Soccer Referee Resources
Ask a Question
Recent Questions

RSS FEED Subscribe Now!

Q&A Quick Search
The Field of Play
The Ball
The Players
The Players Equipment
The Referee
The Other Match Officials
The Duration of the Match
The Start and Restart of Play
The Ball In and Out of Play
Fouls and Misconduct
Free Kicks
Penalty kick
Throw In
Goal Kick
Corner Kick

Common Sense
Kicks - Penalty Mark
The Technical Area
The Fourth Official
Attitude and Control
League Specific
High School

Common Acronyms
Meet The Ref
Contact AskTheRef
Help Wanted
About AskTheRef
Panel Login

Question Number: 27242

Law 5 - The Referee 3/13/2013

RE: Competitve Adult

Jonathan of Huddersfield, West Yorkshire England asks...

Players 1A and 2A are attackers in the opponents penalty box. 1D and 2D are defenders, and 3D is a goal keeper.

1A is fouled hard in the box - an easy call for a penalty kick. However, the ball squirts out to 2A, who is about 10 yards from the goal and about to shoot. It's not a guaranteed goal, because he's still a little bit away from the goal and there's pressure coming from 2D. Do you blow for the PK, or allow the shot?

If you allow the shot, and it is missed, would you either announce that the advantage never materialized and call the PK, or consider the advantage to have materialized, not call the PK, and just card the defender at the next stoppage? I would call a PK, but I can see that being an issue because I would have just given the attacking team two chances to score from one foul. I keep tossing it around in my head, but I can't come up with a definitive answer. Your help would be much appreciated.

Answer provided by Referee Joe McHugh

Hi Jonathan
Interesting question and one that does exercise the decision making skills of referees in these situations.
First off the safest decision is the award of the penalty kick. There has been a clear foul and if it is given there may be little complaint. Many times though a delayed whistle is the 'best' option and it gives the referee a little thinking time plus he gets to see what happens. The referee can then evaluate if advantage did in fact materialise or not. A goal is not required for advantage to be realised.
I had one of these early in the season and I went with 'advantage' without the signal and low and behold 2A missed the most obvious of goal chances by kicking the ball into the side netting. I went with a goal kick as I would have not pulled it back elsewhere on the field of play. Interestingly the attacking team accepted the 'outcome' of a goal kick.

Read other questions answered by Referee Joe McHugh

View Referee Joe McHugh profile

Answer provided by Referee Keith Contarino

In the US we are told not to give the advantage signal inside the penalty area but to wait and see what happens in the next few seconds. Ref Lacy gives a detailed response per USSF guidelines.

Read other questions answered by Referee Keith Contarino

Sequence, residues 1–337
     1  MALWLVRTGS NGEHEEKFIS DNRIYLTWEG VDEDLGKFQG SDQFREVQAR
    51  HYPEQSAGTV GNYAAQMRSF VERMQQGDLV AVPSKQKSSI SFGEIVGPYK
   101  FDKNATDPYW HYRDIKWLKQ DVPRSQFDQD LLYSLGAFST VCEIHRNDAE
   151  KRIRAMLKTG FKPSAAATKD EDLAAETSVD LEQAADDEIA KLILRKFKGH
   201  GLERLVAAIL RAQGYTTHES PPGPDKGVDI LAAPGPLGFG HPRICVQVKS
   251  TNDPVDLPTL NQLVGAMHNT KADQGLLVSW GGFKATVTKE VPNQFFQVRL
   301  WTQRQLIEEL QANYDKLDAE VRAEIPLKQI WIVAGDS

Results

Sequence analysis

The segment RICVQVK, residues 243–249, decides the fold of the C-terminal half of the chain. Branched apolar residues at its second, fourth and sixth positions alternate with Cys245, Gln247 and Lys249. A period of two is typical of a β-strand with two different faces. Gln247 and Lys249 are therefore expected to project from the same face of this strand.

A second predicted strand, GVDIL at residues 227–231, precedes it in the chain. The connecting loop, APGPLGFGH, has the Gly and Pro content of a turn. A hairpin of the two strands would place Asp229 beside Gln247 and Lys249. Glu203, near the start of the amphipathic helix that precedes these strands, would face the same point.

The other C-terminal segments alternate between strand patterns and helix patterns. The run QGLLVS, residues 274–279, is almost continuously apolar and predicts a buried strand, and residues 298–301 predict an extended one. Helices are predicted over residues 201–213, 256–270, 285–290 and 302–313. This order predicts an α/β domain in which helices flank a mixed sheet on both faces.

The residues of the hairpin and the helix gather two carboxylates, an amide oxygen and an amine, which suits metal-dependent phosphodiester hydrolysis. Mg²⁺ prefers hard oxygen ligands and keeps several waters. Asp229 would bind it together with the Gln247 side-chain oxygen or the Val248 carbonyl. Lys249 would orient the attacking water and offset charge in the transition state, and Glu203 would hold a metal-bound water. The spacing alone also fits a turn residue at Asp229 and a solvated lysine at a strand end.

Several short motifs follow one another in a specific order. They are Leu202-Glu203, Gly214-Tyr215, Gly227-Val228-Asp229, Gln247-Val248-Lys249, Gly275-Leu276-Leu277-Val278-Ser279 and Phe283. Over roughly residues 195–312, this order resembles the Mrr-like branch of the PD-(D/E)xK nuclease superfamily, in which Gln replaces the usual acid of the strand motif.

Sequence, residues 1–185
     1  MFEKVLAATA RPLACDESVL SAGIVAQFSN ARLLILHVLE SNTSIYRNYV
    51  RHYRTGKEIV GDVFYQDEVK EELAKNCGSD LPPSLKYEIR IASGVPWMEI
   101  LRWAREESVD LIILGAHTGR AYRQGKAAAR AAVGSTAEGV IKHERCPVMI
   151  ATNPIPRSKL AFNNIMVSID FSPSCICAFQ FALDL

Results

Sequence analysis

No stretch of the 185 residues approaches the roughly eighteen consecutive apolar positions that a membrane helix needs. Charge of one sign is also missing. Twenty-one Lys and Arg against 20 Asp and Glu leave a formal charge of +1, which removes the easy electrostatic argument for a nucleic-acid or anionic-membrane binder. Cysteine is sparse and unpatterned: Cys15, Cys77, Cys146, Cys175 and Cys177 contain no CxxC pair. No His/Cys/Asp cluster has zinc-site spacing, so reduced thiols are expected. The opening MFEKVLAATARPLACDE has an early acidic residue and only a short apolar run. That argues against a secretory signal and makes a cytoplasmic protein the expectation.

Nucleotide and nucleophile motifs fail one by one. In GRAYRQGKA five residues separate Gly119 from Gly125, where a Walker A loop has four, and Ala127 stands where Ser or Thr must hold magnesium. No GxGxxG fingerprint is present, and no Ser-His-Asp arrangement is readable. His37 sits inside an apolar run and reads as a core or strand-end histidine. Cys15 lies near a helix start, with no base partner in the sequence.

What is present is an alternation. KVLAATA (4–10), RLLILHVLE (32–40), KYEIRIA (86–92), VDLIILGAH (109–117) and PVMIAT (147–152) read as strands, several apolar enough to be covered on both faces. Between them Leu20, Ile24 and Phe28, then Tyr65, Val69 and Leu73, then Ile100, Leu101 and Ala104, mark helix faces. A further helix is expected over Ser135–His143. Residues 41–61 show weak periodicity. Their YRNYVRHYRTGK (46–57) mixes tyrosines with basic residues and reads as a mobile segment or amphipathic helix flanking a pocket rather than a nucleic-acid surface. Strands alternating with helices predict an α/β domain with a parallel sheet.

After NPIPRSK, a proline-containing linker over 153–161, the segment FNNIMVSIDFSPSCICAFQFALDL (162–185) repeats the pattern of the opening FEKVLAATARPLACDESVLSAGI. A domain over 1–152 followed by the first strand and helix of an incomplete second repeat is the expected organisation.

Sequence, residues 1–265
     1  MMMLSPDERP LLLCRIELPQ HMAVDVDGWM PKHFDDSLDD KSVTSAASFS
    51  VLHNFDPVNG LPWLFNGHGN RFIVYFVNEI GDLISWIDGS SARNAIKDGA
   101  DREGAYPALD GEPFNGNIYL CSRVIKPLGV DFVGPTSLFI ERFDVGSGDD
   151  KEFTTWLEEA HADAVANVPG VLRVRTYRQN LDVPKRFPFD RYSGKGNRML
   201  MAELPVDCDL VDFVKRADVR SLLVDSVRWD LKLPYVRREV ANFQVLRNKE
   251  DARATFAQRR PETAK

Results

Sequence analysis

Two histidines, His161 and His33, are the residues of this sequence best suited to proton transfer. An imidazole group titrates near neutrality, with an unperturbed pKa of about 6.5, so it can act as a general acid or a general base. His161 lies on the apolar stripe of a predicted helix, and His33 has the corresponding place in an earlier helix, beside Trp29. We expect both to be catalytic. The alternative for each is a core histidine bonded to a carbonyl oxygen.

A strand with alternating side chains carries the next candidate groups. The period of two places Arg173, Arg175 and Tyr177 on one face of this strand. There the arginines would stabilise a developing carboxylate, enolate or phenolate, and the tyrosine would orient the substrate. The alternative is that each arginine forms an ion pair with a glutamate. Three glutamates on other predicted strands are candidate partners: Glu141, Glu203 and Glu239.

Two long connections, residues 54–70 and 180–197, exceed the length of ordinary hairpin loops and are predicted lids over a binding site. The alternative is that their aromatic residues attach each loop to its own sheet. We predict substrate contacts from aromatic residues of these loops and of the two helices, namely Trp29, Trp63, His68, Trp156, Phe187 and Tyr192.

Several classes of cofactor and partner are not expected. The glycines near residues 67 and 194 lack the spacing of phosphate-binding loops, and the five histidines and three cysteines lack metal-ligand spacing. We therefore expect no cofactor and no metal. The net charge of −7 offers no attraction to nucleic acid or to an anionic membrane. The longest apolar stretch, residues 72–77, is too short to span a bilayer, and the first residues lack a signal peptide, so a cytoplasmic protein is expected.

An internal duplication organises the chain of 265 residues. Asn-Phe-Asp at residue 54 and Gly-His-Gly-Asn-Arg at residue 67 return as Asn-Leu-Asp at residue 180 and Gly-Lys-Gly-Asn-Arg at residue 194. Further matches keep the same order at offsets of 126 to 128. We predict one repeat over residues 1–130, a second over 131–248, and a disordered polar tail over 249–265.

View Referee Keith Contarino profile

Answer provided by Referee Nathan Lacy

IMO, decisions in the PA have to be quick, especially at the pro level. You are either going to allow the kick/shot to occur (advantage materialized) OR you are going to blow the whistle for the foul. Agreed that you do NOT use the advantage signal and if the ball gets intercepted then it's easy to make the delayed call for the foul. HOWEVER, if you allow the shot and THEN decide to award the PK for the 'two bites of the apple' as described then you better be ready to catch a face full of 'stuff'. Applying advantage in the PA is very very risky so for my two-cents worth the other attacker better be standing in front of a wide open goal around 2 yards out with absolutely nothing to hinder him/her therefor making it pretty much a sure thing. In that case, if he/she blows the shot the team will be laughing their butts off at him/her and not yelling at you as the ref. The game management issue on this centralizes around their perception of your actions. To summarize, you need to VERY rapidly assess the likelihood of a goal being scored and very quickly make the decision to allow the shot or not. Once that decision is made you are committed and there is no bringing it back regardless of the outcome (unless, as mentioned above for some reason a defender is able to intercept the intitial pass). Once you make that decision you live with the outcome - good or bad. All the best,

Read other questions answered by Referee Nathan Lacy

View Referee Nathan Lacy profile

Ask a Follow Up Question to Q# 27242
Read other Q & A regarding Law 5 - The Referee

Soccer Referee Extras

Did you Ask the Ref? Find your answer here.

Enter Question Number

If you received a response regarding a submitted question enter your question number above to find the answer

Offside Question?

Offside Explained by Chuck Fleischer & Richard Dawson, Former & Current Editor of AskTheRef

This web site and the answers to these questions are not sanctioned by or affiliated with any governing body of soccer. The opinions expressed on this site should not be considered official interpretations of the Laws of the Game and are merely opinions of AskTheRef and our panel members. If you need an official ruling you should contact your state or local representative through your club or league. On AskTheRef your questions are answered by a panel of licensed referees. See Meet The Ref for details about our panel members.